With the current global COVID-19 pandemic, there has been much discussion of “flattening the curve” by social distancing. These ideas can be demonstrated chemically, for example, by the iron-catalyzed decomposition of hydrogen peroxide to produce an oxygen gas foam. Decreased hydrogen peroxide concentrations, representing decreased human population concentrations from social distancing, produce oxygen gas foam, representing cases of illness, at a slower rate. A similar demonstration can be achieved using the popular Diet Coke and Mentos experiment. These simple experiments are best used as stand-alone demonstrations.
Solutions of copper (II) dissolved in acetone are easy to prepare, and can display orange, yellow, green, and blue color depending upon conditions. Such solutions allow for a variety of demonstrations and experiments that illustrate principles of chemical equilibrium.
I observe a red to blue color change when I rinse my bowl after eating frozen blueberries. Sounds like an acid-base reaction, doesn’t it? Well, read on to learn about the blueberry surprise!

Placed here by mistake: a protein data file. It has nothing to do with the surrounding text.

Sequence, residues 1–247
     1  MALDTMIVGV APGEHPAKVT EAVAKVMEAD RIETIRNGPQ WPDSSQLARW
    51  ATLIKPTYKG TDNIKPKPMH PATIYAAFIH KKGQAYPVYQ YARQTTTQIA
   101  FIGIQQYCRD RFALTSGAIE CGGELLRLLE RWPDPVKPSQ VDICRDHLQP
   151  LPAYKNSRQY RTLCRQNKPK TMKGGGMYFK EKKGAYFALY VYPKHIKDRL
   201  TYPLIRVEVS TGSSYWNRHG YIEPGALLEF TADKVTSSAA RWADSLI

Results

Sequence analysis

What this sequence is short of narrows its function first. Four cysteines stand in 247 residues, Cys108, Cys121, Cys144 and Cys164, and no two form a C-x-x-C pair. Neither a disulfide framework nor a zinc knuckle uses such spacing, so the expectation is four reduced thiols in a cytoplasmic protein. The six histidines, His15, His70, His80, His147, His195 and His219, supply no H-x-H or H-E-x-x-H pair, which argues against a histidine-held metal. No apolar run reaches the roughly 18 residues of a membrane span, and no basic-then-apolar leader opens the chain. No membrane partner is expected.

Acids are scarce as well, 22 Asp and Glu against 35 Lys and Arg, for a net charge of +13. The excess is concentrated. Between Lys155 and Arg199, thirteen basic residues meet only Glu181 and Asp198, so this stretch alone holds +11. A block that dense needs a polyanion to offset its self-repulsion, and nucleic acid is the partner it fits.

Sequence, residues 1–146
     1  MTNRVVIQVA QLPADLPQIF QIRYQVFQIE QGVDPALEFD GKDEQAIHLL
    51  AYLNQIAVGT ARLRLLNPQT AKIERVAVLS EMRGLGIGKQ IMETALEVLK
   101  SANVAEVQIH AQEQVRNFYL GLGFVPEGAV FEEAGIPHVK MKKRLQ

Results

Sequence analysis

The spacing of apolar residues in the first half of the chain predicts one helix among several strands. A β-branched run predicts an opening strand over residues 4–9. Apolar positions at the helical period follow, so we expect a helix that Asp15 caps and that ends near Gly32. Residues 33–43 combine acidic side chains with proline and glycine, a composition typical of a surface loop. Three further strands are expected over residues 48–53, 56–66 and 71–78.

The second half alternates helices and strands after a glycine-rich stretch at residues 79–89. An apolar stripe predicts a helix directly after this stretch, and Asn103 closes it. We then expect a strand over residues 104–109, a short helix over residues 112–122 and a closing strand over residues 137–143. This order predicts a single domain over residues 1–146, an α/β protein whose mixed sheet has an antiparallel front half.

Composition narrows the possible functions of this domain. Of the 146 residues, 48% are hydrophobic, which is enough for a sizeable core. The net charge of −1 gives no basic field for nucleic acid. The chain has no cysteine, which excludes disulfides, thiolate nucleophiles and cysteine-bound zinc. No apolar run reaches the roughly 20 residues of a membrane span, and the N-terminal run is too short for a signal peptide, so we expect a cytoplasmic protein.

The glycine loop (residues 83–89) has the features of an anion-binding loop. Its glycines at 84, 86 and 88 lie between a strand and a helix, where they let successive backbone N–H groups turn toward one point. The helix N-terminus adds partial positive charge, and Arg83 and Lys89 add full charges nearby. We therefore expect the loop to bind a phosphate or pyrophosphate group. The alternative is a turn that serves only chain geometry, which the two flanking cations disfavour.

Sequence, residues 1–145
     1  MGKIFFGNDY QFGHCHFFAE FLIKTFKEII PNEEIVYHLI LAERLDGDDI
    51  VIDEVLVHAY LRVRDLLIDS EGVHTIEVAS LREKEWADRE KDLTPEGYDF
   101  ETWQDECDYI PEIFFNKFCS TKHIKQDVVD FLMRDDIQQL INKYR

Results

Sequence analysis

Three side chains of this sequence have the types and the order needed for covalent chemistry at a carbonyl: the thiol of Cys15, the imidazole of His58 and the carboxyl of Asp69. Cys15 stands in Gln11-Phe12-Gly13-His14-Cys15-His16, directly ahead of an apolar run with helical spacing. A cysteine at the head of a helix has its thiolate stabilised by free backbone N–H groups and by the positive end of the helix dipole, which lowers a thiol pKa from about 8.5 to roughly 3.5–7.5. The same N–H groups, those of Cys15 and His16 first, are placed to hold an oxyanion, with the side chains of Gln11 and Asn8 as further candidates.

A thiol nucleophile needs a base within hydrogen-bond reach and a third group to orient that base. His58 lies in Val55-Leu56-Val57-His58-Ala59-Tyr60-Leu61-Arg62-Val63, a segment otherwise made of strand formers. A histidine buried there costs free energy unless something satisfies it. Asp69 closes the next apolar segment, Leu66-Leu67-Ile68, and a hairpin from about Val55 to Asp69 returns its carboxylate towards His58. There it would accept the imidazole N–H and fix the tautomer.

Chemistry and lasers can be used to create a demonstration that includes several colors and flashing lights. This demonstration connects to topics in quantum chemistry and phase changes.
Ever wonder why some call precipitation reactions "double decomposition". Perhaps (or perhaps not) two (double) salts are sort of splitting apart (decomposing?) and then reforming with other radicals. But a solvent (usually water) is necessary to achieve the desired effect. But is adding water to a salt really decomposition?
The Devil's Milkshake is a simple, yet interesting chemistry experiment that fits well as a Halloween demo.
I usually start of the school year with a measuring activity. This year, I used Tom Kuntzleman's Mentos and Diet Coke experiment and had students use the data to do some graphing and analysis. This was a nice lead into our gas unit. I also made my own syphon coffee maker to demonstrate for my students.
Simple chemical tests are described that can indicate the presence of certain metals in coins. A wide variety of chemical concepts are involved. The experiments described are a natural fit for the 2019 National Chemistry Week theme of "Marvelous Metals!"
This post describes some simple experiments using various coins and neodymium magnets that connect to the 2019 National Chemistry Week theme of Marvelous Metals!
In honor of the International Year of the Periodic Table: A familiarity with the chemistry of some of the elements more commonly encountered in everyday life is a valuable learning experience for all students. Iodine is the fifth in this series of elements to be discussed as part of the Element of the Month program. #IYPT